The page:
Tackling the causes of fuel poverty

Not being able to afford to heat your home, or having to choose between eating or heating is the stark choice many families in the UK are being forced to make, however it is clear that fuel poverty stems from a number of different factors, including the cost of fuel, the price of energy, and rising energy consumption habits.

The latest Scottish Government strategy on tackling fuel poverty suggests that four drivers of fuel poverty need to be tackled before fuel poverty can be eradicated. These are:

  • Raising incomes  8 out of 10 households (in Scotland) in income poverty are also fuel poor.
  • Making energy costs affordable  in many cases the cost of fuel is rising faster than household incomes.
  • Improving energy performance in housing  people living in a home with low energy performance are 3.5 times as likely to be suffering from fuel poverty as those in a home with high energy performance.
  • Changing habits of energy use  adopting energy-saving behaviours can make a significant difference to fuel bills by reducing overall demand. There is also a need to better understand and increase use of “green energy”.

But what about energy suppliers?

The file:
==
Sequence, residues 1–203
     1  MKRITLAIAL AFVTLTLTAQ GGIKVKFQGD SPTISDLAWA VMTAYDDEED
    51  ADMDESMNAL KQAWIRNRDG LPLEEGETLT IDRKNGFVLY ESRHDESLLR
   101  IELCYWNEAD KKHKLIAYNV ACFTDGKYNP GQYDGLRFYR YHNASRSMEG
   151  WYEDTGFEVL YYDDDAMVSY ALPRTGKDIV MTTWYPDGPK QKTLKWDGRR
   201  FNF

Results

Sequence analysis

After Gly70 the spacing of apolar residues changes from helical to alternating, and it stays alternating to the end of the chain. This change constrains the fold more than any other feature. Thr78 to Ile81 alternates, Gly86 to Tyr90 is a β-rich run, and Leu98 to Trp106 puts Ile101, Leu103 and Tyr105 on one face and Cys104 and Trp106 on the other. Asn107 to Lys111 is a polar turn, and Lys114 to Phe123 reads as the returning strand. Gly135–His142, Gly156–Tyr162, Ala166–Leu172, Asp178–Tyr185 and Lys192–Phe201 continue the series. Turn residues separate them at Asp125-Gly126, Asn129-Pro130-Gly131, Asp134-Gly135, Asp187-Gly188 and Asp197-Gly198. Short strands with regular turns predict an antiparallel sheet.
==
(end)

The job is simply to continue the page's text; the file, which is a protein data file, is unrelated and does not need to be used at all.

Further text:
In December 2016, a report from Turn2Us suggested  that two million households suffer from fuel poverty. Subsequently, the “big six” energy suppliers met at Westminster to discuss what they could do to help tackle fuel poverty. At the moment, there is no legal requirement for energy companies to take action to reduce fuel poverty. However, they are coming under increasing pressure to help tackle fuel poverty, by reflecting some of their profit margins in the rates they give to customers. The idea of automatically putting vulnerable or “at risk” customers onto the lowest fuel tariff was discussed. However the bulk of the discussion, according to reports, concentrated on how to increase awareness of existing options, including the government-led Warm Home Discount, individual support grants, the Cold Weather Payment, and practical support from suppliers themselves.warm fire

Practical strategies to tackle fuel poverty

A number of schemes have been developed to try to help tackle fuel poverty, with national roll outs being supplemented by more localised programmes often funded by local authorities or charities.